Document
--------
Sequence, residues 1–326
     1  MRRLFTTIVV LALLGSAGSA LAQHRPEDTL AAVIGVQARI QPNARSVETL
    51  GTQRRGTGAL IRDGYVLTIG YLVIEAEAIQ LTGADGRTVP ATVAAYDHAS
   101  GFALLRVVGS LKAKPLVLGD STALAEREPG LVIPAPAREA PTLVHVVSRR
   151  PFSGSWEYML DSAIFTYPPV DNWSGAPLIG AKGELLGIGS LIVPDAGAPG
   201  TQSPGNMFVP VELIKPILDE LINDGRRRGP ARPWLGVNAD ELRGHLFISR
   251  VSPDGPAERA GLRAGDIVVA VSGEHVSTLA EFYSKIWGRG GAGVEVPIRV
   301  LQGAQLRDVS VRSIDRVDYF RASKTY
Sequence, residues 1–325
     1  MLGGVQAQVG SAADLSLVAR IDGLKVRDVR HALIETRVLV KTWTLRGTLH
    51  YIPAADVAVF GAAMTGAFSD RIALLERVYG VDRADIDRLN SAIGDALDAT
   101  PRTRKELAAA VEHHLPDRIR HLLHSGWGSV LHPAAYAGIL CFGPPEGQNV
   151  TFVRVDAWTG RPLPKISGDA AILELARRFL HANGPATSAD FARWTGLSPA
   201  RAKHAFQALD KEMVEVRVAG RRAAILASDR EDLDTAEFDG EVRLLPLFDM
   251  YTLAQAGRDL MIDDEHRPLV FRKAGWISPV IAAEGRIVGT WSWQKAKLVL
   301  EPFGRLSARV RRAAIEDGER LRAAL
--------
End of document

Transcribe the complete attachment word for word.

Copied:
Sequence, residues 1–326
     1  MRRLFTTIVV LALLGSAGSA LAQHRPEDTL AAVIGVQARI QPNARSVETL
    51  GTQRRGTGAL IRDGYVLTIG YLVIEAEAIQ LTGADGRTVP ATVAAYDHAS
   101  GFALLRVVGS LKAKPLVLGD STALAEREPG LVIPAPAREA PTLVHVVSRR
   151  PFSGSWEYML DSAIFTYPPV DNWSGAPLIG AKGELLGIGS LIVPDAGAPG
   201  TQSPGNMFVP VELIKPILDE LINDGRRRGP ARPWLGVNAD ELRGHLFISR
   251  VSPDGPAERA GLRAGDIVVA VSGEHVSTLA EFYSKIWGRG GAGVEVPIRV
   301  LQGAQLRDVS VRSIDRVDYF RASKTY
Sequence, residues 1–325
     1  MLGGVQAQVG SAADLSLVAR IDGLKVRDVR HALIETRVLV KTWTLRGTLH
    51  YIPAADVAVF GAAMTGAFSD RIALLERVYG VDRADIDRLN SAIGDALDAT
   101  PRTRKELAAA VEHHLPDRIR HLLHSGWGSV LHPAAYAGIL CFGPPEGQNV
   151  TFVRVDAWTG RPLPKISGDA AILELARRFL HANGPATSAD FARWTGLSPA
   201  RAKHAFQALD KEMVEVRVAG RRAAILASDR EDLDTAEFDG EVRLLPLFDM
   251  YTLAQAGRDL MIDDEHRPLV FRKAGWISPV IAAEGRIVGT WSWQKAKLVL
   301  EPFGRLSARV RRAAIEDGER LRAAL